Scalability is another core concern. Cloud footprints can grow easily and data capabilities need to keep pace. This is not just a volume and velocity concern – the ability to change and manipulate only essential, individual data values instead of entire databases can alleviate hindrances to scalability that limit an organizations’ ability to glean value from data. In this regard, change data capture (CDC) is a crucial technology. CDC helps to ensure that data in IT systems is quickly ingested, transformed, and usable for analytics. In turn, this accelerates business intelligence and improves data management systems.

Data replication is also critical from generating business value from cloud migration. Reliability is a common concern with data integration where low latency replication across a distributed architecture is necessary to support operations in the cloud. Bringing it back to our earlier example, robust data replication capabilities are part of Macy’s special sauce. Its architecture enables the company to address rapidly changing customer needs by delivering accurately replicated data in real time across its varying enterprise systems even during peak holiday times when transactional workloads are at their highest. This is another way that the time value of data is essential in aiding businesses in their abilities to make critical decisions that improve customer experience, and, ultimately, their bottom lines.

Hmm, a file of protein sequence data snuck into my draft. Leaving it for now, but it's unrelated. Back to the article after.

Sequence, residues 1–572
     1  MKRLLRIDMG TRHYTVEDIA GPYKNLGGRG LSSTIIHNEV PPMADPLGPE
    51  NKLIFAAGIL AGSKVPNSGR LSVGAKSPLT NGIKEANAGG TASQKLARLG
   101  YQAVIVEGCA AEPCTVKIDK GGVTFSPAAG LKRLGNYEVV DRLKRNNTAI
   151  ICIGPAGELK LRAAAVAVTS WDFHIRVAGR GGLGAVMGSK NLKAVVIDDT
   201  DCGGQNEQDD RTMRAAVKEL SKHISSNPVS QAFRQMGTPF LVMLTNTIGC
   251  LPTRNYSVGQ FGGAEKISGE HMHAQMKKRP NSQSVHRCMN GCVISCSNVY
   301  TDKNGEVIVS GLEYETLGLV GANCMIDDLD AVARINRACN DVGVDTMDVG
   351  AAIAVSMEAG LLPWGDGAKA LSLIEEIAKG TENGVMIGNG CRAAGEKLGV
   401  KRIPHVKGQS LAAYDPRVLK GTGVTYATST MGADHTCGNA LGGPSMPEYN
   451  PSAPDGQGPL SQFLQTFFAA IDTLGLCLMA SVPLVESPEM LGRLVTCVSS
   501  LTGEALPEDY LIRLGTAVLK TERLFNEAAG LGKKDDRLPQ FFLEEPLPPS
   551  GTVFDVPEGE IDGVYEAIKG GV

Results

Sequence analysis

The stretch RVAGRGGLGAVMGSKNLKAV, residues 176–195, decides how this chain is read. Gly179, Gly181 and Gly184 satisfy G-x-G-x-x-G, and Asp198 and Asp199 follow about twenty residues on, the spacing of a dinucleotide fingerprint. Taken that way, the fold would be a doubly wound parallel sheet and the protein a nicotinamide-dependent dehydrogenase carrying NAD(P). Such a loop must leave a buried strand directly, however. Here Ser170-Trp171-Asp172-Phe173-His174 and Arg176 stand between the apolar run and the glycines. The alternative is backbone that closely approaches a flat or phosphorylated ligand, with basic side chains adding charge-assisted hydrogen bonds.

Taking the cloud out of the equation, upgrading and migrating data systems while keeping a business running is a major challenge. But ensuring you have the right real-time capabilities that will complement cloud migration and modernization will alleviate some of the headaches and ensure that a business is able to glean actionable intelligence and other benefits from its investment. With this will come data integrity and added efficiency that will limit downtime associated with cloud adoption while ensuring access to real-time analytics and improved operational decision making.

About the author: Steve Wilkes is the founder and CTO of Striim, a provider of streaming data solutions, and a 2019 Datanami Person to Watch. Prior to founding Striim, Steve was the senior director of the advanced technology group at GoldenGate Software, which was acquired by Oracle, where he took the lead for Oracle’s cloud data integration strategy. His earlier career included Senior Enterprise Architect at The Middleware Company, Principal Technologist at AltoWeb and a number of product development and consulting roles including Cap Gemini’s advanced technology group.